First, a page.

Landlord/Former Tenant Dispute Lease ended June of 2007, but in May of 2007 I…

Landlord/Former Tenant Dispute
Lease ended June of 2007, but
in May of 2007 I made a verbal
agreement to stay month to month as
long as I give 30 days notice. After a
bed bug outbreak happend twice (once
in 11/07 and again in 9/08) he called
exterminators to have it handled the
first time, but was reluctant the
second. After my 4 year old suffered
an allergic reaction to a bite,I decided
to send him my 30 day notice on
9/26/08 for me vacating on 10/31/08.
I did as promised, took pictures, place
was immaculate, then turned the keys
over to the super with my fiancĂ©e’s
dad as a witness. I did not receive my
deposit until 12/23/08. Came in the
form of 2 checks for $600, along with
2 copies of an ”Explanation of
Deductions” letter. In the letter was no
deductions, but a threat to sue me for
rent for 11/08 because he claims he
did not get his keys until 11/06, and
an extermination bill, both totaling
$1870.6 days after I deposited them,
he put a stop payment on 1 of the
checks. I would like to take him to
court, I have
timestamped pictures of the
apartment, my daughters leg, her
dermatology bills, copies of the deposit
checks, and the receipt for the deposit.

One thought on “Landlord/Former Tenant Dispute Lease ended June of 2007, but in May of 2007 I…

  1. Re: Landlord/Former Tenant Dispute
    Disclaimer: By reading this response you understand that I do not represent you and that unless you enter a formal retainer agreement with me, I do not represent you nor does it establish an attorney-client relationship between you and me. This answer is given to you for informational purposes only and you are advised to formally retain counsel rather than rely solely upon the information provided in this communication.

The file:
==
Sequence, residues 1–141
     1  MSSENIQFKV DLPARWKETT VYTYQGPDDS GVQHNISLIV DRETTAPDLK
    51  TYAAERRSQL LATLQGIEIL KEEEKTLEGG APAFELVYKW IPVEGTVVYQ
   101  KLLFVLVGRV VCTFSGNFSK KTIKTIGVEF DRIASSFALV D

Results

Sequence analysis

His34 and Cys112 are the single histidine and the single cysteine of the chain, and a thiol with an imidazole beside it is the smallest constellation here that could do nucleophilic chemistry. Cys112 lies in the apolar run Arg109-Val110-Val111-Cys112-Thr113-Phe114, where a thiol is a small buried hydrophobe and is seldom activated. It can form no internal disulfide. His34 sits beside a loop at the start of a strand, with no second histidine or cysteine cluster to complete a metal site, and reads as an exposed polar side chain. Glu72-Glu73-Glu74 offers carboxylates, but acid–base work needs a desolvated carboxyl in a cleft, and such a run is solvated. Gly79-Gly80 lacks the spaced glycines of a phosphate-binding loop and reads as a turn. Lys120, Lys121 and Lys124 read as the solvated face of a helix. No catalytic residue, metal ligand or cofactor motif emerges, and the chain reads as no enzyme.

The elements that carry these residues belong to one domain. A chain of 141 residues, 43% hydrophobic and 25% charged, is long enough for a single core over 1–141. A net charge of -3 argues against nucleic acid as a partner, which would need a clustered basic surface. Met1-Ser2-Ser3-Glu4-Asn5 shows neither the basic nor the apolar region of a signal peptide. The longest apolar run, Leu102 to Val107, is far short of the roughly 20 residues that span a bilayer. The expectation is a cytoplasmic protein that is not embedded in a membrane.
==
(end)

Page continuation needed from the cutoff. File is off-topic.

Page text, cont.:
I have dealt with this situation before but was on the landlord’s side. The question is, where do bedbugs come from? If you caused the bed bug infestation, then he had a right to deduct from your deposit the cost of the extermination. But, it appears he did not deduct that amount and would prefer to sue you. You can take him to small court to request double the return of the amount of the security deposit that was rightfully due to you, if there was any that was rightfully due to you. This will depend upon the facts you present and probably whether you can prove that you did not cause the infestation. He may also countersue you for the amount of the extermination bill that your deposit did not cover.

    Tina Amodeo
    Law Office of Tina Nielsen Amodeo, LLC
    1170 Delsea Drive, Ste. SF-5
    Westville, NJ 08093

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